The Lion's Tale

Teens take the wheel

Junior+Emma+Ash+perfects+her+parking+when+she+arrives+at+school+in+the+morning.+She+is+among+the+first+students+at+school%2C+usually+ariving+at+7%3A30+a.m.+
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Teens take the wheel

Junior Emma Ash perfects her parking when she arrives at school in the morning. She is among the first students at school, usually ariving at 7:30 a.m.

Junior Emma Ash perfects her parking when she arrives at school in the morning. She is among the first students at school, usually ariving at 7:30 a.m.

photo by Jessica Gallo

Junior Emma Ash perfects her parking when she arrives at school in the morning. She is among the first students at school, usually ariving at 7:30 a.m.

photo by Jessica Gallo

photo by Jessica Gallo

Junior Emma Ash perfects her parking when she arrives at school in the morning. She is among the first students at school, usually ariving at 7:30 a.m.

Jessica Gallo, Reporter

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When junior Emma Ash drove to school by herself for the first time, she felt a whirlwind of emotions. She was scared about merging on the highway, but felt exhilarated as she tried out her new skill independently in her daily routine for the first time.

Learning to drive is something most kids, including Ash, look forward to for years. Teenage driving comes with lots of nerves from teens and their parents, but brings an important life skill and sense of independence to teenagers in their everyday lives.

Jewish text department chair and CESJDS parent Aviva Gershman supports students learning to drive and being able to drive themselves to school. However, she believes it is important for students to keep their parents and driving instructors involved in the process of learning the rules of the road and helping them determine what works for them as new drivers.

“I absolutely support students driving themselves to school the way I would any other life skill,” Gershman said. “You have a combination of teachers who teach you these skills and your parents who have a sense of what you can handle, when you can handle it and what’s good for you.”

Gershman feels that her fears are as any parents would be when letting her son drive alone.

“What if they don’t see a stop sign? What if they are going a little too quickly and hit somebody?” Gershman said.

JDS allows students to drive to school themselves to school as long as they follow the parking policy. In order to park in the school lot, students must have a parking tag that they receive upon submitting a form registering themselves with the school with their license and car details. Students must have the tag in their car when it is parked in the lot and are expected to be smart, safe drivers in the parking lot.

“We expect students to drive safely, carefully, slowly [because] there are a lot of students walking around, even young children oftentimes,” Dean of Students Roslyn Landy said.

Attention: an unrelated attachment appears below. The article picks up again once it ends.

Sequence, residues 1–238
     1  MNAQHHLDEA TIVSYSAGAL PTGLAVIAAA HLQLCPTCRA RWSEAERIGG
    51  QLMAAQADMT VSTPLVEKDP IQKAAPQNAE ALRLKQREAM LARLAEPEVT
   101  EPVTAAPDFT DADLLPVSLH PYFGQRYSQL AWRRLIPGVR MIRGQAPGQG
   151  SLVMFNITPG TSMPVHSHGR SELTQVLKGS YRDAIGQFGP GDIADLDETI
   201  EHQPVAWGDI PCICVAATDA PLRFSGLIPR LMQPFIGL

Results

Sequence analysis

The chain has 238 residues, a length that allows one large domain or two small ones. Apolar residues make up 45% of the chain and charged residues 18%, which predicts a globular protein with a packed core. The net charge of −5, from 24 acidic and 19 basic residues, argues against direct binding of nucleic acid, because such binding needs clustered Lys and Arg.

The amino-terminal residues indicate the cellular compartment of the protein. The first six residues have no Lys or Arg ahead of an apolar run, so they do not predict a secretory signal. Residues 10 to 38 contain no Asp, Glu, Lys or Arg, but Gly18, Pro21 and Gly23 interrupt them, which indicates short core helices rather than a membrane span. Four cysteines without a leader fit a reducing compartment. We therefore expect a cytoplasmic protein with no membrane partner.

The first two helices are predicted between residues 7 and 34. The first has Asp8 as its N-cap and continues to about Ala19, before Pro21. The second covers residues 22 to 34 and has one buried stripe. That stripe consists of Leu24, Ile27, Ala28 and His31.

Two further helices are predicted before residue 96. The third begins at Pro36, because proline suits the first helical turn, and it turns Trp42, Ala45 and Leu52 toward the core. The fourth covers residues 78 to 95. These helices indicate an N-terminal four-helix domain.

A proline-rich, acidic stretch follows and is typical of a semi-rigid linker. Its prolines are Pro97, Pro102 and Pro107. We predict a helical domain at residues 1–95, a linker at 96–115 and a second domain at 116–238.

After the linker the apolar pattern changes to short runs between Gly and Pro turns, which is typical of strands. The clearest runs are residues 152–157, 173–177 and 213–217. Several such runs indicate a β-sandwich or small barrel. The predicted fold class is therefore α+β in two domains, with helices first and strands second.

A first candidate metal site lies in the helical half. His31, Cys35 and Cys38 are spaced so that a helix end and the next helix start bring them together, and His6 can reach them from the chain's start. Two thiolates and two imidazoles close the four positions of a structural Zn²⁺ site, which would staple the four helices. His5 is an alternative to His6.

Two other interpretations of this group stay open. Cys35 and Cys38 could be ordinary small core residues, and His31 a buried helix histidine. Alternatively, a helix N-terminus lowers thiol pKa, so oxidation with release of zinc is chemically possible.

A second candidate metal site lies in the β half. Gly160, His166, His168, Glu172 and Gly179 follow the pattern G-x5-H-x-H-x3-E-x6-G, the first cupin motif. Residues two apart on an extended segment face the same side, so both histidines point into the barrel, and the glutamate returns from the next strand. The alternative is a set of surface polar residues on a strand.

Having a driver’s license gives students a new type of independence to go where they please. It also gives them time to themselves to listen to music and relax before and after a long day.

“I really don’t enjoy driving, but I think it’s something that gives me so much independence and freedom,” Ash said. “I love listening to music and spending time with myself, even though it [driving] is really annoying.”

Maryland law requires all new drivers to take a drivers education class consisting of 10 three-hour sessions to receive their learner’s permit anytime after 15 and nine months and then complete three two-hour behind-the-wheel sessions as part of the driver’s education course. The driver must also log at least 60 hours of supervised driving upon receiving their permit. Once the driver has had their permit for at least nine months, they are allowed to take the test to receive their provisional license.

When teens start the process, they sometimes worry about driving without their parents, like sophomore Maya Arie. She has had her learner’s permit for a month and is a bit apprehensive about driving without her parents when she gets her driver’s license.

“[I am worried about driving alone] because my parents are with me a lot and help me with directions, like what to do when other cars are approaching and that kind of thing,” Arie said.

But as Ash learned, as scary as it is getting into a small car accident, it isn’t the end of the world, especially if there are no injuries and the damage is as minor as a license plate.

“I have gotten in an accident,” Ash said. “I was terrified for a little while, but I got over it and I’m more careful now and it helped me grow as a driver.”

While Gershman thinks that driving can be beneficial to both teens and their families, she knows that sometimes waiting until you are ready is best. According to Gershman, getting a drivers license shouldn’t be a competition with peers, but rather something that a teen learns when they are ready.

“Just like any other life skill, the opportunity to drive and get your license isn’t going anywhere,” Gershman said. “If you don’t feel like you’re ready, wait. It’s not a race you need to be in with your fellow students.”

This story was featured in the Volume 36, Issue 5 print edition of The Lion’s Tale, published on March 15, 2019.

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